Sunday, April 23, 2017

The test of fellowship, 1John 2:7-11

We have been studying the doctrine of fellowship so far in our exposition of 1 John.  We have seen that God designed us for fellowship with Him, and He desires fellowship with us.  But as we have learned, before we can have fellowship with God, we must first have a relationship with Jesus Christ.  Jesus manifested Himself to the world so that we might come to know God. Hebrews 1:3 tells us that “[Jesus] is the radiance of [God’s] glory and the exact representation of [God’s] nature.”   But God desires more than just knowledge of Him.  He desires fellowship with us, communion with us.  He desires love with us.  He loved us enough to punish Christ so that we might by faith become the children of God.  And out of this relationship He desires our love for Him.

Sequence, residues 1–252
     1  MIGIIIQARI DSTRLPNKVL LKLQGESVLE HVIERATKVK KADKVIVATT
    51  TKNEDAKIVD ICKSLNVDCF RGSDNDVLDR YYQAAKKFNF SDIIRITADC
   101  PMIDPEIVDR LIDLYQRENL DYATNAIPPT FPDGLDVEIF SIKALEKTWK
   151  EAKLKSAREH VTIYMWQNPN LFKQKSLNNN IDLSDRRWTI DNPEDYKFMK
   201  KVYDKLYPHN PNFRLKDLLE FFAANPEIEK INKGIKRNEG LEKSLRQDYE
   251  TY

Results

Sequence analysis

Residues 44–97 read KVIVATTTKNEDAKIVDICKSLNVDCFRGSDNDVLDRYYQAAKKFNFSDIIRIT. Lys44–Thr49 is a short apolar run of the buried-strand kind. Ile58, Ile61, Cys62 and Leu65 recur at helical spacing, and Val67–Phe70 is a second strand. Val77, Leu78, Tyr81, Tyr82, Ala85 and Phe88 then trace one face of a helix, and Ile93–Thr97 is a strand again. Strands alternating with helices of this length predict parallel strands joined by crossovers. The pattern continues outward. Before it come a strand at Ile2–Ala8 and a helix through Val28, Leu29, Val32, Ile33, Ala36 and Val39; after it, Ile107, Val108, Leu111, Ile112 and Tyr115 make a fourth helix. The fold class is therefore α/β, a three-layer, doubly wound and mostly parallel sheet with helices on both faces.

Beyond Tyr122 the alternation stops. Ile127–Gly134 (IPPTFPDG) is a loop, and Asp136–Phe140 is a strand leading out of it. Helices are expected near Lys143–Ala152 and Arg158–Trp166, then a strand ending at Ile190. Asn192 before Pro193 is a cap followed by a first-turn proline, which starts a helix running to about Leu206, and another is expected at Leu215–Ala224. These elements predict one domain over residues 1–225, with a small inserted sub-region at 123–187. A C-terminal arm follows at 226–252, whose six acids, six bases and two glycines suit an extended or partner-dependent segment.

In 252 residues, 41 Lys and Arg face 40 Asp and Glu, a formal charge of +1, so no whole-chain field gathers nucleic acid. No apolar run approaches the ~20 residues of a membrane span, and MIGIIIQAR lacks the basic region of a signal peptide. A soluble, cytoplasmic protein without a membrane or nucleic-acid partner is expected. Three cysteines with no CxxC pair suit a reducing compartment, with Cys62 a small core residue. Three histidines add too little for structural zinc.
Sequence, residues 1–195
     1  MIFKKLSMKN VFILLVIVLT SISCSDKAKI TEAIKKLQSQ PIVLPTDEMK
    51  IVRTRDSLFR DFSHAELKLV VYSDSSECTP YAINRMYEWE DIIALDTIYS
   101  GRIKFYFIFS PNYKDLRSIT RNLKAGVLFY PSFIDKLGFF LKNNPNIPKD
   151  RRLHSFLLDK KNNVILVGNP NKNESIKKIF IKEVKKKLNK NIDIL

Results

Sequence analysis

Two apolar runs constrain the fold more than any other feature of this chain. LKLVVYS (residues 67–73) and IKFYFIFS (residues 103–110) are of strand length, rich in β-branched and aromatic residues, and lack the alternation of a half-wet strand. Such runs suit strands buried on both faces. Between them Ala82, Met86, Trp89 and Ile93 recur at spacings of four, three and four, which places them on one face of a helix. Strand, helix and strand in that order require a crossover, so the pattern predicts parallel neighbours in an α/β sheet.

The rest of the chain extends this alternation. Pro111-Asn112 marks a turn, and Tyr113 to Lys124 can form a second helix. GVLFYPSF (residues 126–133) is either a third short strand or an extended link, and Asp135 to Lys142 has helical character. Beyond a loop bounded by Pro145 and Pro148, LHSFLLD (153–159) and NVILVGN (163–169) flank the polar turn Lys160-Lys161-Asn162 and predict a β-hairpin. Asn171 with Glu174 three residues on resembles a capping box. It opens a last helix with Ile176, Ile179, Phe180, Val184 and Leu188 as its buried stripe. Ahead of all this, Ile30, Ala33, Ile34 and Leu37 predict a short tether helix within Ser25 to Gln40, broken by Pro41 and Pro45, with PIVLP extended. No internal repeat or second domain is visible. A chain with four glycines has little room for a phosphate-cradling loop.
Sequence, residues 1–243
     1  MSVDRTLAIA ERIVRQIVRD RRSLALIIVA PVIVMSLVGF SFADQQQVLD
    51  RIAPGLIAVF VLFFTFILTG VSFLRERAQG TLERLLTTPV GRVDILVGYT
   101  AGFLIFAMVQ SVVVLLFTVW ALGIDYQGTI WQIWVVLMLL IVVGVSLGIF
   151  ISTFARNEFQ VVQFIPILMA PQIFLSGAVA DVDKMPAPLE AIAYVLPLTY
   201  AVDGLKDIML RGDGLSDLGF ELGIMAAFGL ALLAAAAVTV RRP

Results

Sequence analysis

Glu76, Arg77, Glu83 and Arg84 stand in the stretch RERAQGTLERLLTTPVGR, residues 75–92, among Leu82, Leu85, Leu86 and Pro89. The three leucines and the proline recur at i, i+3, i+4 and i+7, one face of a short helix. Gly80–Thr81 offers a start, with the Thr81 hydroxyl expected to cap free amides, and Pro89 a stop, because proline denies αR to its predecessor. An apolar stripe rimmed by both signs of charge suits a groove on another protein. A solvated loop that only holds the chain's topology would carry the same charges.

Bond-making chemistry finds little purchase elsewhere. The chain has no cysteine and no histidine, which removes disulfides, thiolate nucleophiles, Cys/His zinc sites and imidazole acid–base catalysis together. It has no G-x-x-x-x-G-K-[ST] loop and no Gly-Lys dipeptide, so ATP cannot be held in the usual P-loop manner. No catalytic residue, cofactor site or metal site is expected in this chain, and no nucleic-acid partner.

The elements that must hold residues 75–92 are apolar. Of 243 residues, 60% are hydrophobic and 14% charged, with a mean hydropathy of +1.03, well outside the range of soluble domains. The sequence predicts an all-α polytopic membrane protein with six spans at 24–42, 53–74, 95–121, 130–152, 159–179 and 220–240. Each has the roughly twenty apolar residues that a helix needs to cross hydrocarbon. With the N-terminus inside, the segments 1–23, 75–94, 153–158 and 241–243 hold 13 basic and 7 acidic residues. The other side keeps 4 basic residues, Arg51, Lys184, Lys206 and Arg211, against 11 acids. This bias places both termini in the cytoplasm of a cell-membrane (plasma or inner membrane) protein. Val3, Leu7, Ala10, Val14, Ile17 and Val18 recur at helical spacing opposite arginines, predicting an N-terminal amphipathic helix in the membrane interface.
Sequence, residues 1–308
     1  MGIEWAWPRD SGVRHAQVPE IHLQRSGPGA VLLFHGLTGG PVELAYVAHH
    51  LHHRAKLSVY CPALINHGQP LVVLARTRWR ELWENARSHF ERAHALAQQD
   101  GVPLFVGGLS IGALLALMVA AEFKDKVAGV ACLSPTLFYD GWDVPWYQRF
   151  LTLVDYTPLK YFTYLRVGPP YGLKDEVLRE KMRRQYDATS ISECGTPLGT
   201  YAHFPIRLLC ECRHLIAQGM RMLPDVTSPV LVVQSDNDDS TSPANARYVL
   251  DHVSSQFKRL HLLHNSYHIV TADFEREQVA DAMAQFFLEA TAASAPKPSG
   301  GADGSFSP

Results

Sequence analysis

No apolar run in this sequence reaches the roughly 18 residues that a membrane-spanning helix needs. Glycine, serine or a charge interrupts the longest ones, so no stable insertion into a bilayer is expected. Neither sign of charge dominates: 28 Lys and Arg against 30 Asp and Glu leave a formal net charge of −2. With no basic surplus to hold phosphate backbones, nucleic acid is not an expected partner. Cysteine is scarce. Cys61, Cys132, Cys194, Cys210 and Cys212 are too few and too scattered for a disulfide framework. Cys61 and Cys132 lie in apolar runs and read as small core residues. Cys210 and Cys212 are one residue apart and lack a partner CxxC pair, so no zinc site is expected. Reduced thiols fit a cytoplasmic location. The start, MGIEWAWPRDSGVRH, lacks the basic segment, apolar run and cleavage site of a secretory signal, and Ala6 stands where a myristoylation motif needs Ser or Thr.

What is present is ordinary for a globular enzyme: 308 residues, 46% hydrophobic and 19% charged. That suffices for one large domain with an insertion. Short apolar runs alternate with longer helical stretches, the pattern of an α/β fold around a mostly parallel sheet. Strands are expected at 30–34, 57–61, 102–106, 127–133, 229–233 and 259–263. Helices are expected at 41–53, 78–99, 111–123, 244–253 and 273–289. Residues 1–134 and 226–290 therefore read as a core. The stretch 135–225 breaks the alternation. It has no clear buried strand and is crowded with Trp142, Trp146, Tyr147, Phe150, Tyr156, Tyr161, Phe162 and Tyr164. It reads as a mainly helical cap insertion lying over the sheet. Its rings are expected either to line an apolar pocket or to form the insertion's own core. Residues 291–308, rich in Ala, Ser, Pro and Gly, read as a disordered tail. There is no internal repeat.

So we have seen various aspects of fellowship up to this point. We saw the basis of fellowship, the nature of fellowship, the proof and progression of fellowship.  Today we are going to examine the test of fellowship.  When we were in school as kids, we dreaded tests, didn’t we?  The idea of a test always struck a chord of fear in my heart.  Usually it was because I was not prepared.  But the teacher understood that for us to really know the material she had been teaching, there must be a test of our knowledge.  As students, we could protest all day long that we knew the subject matter, but the teacher knew that unless there was a test, our knowledge, or lack of it, would not be proven, it would not become evident.